Dr Hannah Short on being a plant-based GP
Dr Hannah Short Tue 12.03.2019
As the world begins to acknowledge a whole-food plant-based diet as beneficial for individual and planetary health, the demand for plant-based health care practitioners is on the rise. Here in the UK, over the last two years, an increasing number of doctors have trained in Lifestyle Medicine, and we have seen the formation of Plant-Based Health Professionals UK(PBHP UK): “a non-profit organisation dedicated to the promotion of plant-based nutrition and other lifestyle interventions for optimal health and well-being”.
I am an NHS GP, a specialist in female hormonal health, and a passionate advocate of Lifestyle Medicine. In March 2018, I was privileged to speak on the role of plant-based nutrition in post-reproductive health at the inaugural PBHP UK conference. However, whilst I do consider myself a “plant-based doctor”, I choose to identify, first and foremost, as a vegan one. To some this is a controversial stance; to me, it makes sense and aligns perfectly with the underlying principles of medical ethics: Autonomy (of thought, intention and action), Justice (fairness and equality), Beneficence (do good) and Non-maleficence (do no harm).
As doctors, our duty of care applies not only to the individual patient in front of us but also to wider society. While medical professionals may quibble over whether an absolute whole-food plant-based diet is optimal for human health, or whether 90% will suffice, there can be no doubt that a diet devoid of animal products reigns supreme in other aspects. Some will argue I am on shaky ground here; after all, our ethical persuasion should stay out our consultation room. But hear me out.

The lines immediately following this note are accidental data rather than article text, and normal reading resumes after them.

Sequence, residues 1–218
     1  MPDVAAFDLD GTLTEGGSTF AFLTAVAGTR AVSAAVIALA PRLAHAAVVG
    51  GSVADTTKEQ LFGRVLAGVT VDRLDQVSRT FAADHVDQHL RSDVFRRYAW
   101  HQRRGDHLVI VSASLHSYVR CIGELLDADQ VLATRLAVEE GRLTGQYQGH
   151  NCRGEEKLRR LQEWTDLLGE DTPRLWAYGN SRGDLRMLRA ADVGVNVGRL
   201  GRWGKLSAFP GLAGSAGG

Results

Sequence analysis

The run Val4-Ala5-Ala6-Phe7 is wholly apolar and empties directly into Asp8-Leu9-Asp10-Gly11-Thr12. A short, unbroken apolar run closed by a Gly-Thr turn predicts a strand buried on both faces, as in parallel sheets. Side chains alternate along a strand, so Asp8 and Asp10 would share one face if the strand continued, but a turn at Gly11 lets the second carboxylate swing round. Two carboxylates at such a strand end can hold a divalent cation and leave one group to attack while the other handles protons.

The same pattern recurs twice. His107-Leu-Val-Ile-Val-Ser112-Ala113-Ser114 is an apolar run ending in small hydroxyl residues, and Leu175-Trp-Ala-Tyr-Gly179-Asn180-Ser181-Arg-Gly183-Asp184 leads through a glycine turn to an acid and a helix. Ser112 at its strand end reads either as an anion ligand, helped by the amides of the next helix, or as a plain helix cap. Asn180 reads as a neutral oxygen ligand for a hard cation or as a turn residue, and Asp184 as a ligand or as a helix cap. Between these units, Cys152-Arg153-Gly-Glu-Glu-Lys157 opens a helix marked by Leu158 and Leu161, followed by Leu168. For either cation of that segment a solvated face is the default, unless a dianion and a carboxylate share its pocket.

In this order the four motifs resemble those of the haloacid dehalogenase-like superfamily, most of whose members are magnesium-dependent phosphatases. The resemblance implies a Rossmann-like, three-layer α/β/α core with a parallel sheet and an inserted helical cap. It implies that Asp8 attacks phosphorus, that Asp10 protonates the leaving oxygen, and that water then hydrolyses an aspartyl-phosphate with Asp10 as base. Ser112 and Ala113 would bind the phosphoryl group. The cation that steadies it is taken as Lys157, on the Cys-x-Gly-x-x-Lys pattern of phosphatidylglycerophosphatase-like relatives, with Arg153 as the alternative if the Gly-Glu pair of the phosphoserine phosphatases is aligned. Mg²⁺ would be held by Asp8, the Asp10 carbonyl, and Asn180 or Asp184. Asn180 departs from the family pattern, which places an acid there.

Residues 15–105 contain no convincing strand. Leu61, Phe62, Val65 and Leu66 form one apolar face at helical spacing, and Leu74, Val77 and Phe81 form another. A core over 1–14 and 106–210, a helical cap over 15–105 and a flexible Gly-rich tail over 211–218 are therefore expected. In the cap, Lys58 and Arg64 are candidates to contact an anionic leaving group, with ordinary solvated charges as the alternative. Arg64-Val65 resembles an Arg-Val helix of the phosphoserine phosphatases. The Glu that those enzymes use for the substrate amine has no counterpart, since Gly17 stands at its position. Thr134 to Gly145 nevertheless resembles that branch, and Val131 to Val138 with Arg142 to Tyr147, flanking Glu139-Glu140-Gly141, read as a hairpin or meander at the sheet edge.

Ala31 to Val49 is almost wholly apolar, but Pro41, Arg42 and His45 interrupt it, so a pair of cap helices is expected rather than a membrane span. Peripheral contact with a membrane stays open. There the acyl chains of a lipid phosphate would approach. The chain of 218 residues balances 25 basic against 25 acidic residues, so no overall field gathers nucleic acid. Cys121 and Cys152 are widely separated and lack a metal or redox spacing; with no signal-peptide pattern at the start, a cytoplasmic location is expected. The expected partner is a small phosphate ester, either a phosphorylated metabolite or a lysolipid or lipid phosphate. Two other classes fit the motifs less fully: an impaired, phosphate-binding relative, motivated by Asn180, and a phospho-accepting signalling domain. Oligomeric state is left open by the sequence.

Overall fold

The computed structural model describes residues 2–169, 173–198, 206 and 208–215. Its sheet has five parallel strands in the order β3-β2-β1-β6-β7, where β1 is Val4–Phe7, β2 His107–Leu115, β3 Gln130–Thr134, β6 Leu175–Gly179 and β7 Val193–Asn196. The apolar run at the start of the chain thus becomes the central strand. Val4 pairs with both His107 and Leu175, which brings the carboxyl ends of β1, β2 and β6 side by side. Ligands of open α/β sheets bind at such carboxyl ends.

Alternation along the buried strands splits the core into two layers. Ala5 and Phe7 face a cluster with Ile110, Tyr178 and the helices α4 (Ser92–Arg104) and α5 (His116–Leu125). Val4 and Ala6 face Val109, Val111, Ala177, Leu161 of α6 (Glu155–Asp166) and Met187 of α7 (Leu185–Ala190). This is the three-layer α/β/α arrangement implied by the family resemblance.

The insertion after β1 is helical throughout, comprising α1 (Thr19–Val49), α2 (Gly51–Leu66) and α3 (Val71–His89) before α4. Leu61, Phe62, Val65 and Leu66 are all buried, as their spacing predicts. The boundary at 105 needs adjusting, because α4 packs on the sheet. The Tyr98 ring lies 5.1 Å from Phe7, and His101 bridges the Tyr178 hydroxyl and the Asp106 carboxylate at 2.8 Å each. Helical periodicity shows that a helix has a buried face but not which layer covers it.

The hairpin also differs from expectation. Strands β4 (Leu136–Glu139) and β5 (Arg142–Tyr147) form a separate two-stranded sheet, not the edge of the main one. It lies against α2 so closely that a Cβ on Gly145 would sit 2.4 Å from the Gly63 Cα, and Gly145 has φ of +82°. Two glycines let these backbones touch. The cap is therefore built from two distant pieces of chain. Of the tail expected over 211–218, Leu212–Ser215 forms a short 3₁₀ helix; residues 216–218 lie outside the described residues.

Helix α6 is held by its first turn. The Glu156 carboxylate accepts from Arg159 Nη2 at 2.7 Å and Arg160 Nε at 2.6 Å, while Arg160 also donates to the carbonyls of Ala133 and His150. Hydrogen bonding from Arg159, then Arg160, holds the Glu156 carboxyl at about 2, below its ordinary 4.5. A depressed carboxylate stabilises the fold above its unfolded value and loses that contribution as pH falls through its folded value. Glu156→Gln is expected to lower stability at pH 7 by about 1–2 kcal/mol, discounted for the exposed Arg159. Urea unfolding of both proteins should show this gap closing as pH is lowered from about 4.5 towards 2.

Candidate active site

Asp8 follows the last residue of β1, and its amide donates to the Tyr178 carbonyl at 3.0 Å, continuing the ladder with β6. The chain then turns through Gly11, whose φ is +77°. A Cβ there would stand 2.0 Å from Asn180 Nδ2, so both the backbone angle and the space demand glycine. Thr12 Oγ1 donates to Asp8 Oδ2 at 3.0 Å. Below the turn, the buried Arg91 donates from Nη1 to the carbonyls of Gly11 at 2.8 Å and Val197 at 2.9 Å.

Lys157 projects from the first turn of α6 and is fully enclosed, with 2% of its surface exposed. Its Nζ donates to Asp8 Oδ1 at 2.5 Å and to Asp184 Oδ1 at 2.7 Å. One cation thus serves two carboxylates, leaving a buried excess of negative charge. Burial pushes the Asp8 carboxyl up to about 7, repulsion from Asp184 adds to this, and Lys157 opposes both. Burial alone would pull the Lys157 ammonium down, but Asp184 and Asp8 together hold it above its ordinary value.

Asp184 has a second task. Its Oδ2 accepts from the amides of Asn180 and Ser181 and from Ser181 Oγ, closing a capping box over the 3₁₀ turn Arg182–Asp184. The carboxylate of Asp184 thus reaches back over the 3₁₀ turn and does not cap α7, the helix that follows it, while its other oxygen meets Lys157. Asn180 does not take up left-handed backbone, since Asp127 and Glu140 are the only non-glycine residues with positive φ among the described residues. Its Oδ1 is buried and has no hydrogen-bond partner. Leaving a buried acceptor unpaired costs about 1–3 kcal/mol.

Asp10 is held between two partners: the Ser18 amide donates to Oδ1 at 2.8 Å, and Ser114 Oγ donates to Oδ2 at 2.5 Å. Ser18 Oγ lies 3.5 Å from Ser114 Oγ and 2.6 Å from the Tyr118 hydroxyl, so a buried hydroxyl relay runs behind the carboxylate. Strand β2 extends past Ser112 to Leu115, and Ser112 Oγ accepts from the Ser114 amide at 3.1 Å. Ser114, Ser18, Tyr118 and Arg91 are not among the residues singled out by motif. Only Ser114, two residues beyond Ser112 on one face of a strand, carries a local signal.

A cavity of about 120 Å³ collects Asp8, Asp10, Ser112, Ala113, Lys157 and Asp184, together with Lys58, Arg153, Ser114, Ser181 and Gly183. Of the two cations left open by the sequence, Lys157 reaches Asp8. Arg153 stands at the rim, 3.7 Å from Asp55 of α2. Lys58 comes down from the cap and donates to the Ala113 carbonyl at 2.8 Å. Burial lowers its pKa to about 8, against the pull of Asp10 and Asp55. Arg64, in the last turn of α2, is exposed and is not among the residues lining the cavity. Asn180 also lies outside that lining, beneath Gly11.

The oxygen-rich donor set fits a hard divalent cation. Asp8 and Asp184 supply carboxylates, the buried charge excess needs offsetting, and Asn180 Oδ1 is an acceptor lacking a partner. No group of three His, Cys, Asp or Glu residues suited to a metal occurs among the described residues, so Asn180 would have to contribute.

A vegan lifestyle is not only kinder to the other sentient beings with which we share this planet, it is also more sustainable for the earth. Climate change is already happening and affects both the social and environmental determinants of health – clean air, safe drinking water, sufficient food and shelter. The poorest and most vulnerable communities are disproportionately affected.
According to The World Health Organisation (WHO), between 2030 and 2050 climate change is predicted to cause approximately 250,000 additional deaths per year from malnutrition, diarrhoea, malaria and heat stress. This is, and should be, a concern for all those working in healthcare.
The vast majority of antibiotics are given to farm animals, kept in crowded, appalling conditions, to reduce the incidence of otherwise inevitable disease. This is all driving the crisis of antibiotic resistance; people are dying as we are no longer able to adequately treat certain infections. I have seen this myself on the wards and in my GP surgery. Furthermore, factory farming discriminates against low-income communities and minority groups. People living close by breathe more polluted air and drink more polluted water; they are sicker overall. The purchase of cheap meat fuels this. As a doctor, I feel I have a duty and a responsibility to share this information.
Front-line abattoir workers undertake such dangerous and dehumanising work it’s hard for most of us to comprehend. Most are on minimum-wage, and it is believed a significant minority are trafficked foreign nationals brought in by criminal gangs to fuel gaps in the market. A study commissioned by the Health and Safety Executive found that, over six years, 800 UK abattoir workers suffered serious injuries, 78 required amputations and 4 died whilst at work. Slaughterhouse work has been linked to a variety of disorders including Post-Traumatic Stress Disorder (PTSD), is associated with increased crime, including higher rates of violent sexual offences, and drug and alcohol abuse.
I believe that most people do care about animals; consequently, the cognitive dissonance associated with eating meat is damaging on a much deeper level. To constantly deny our innate compassion is not without consequence to our psyche. US neurologist, and public-health physician, Dr Aysha Akhtar speaks widely on this; her message is clear: treating animals better is critical to human welfare.
If we wish to change the public perception of veganism (whether “do-gooder tree-hugger” or “militant extremist”), we need to stand tall, without shame and demonstrate that compassion and best-evidence can go hand in hand. This is not about preaching to our patients but involves taking ownership of our core values and applying them to our duties as a doctor. Indeed, we are privileged to be in the position to do so.
About the author
Dr Hannah Short
Hannah is an NHS GP, an accredited specialist in female hormonal health, and medical writer. She is passionate about lifestyle medicine and the benefits of a whole food plant-based diet. She became vegan for ethical and environmental reasons in 2016.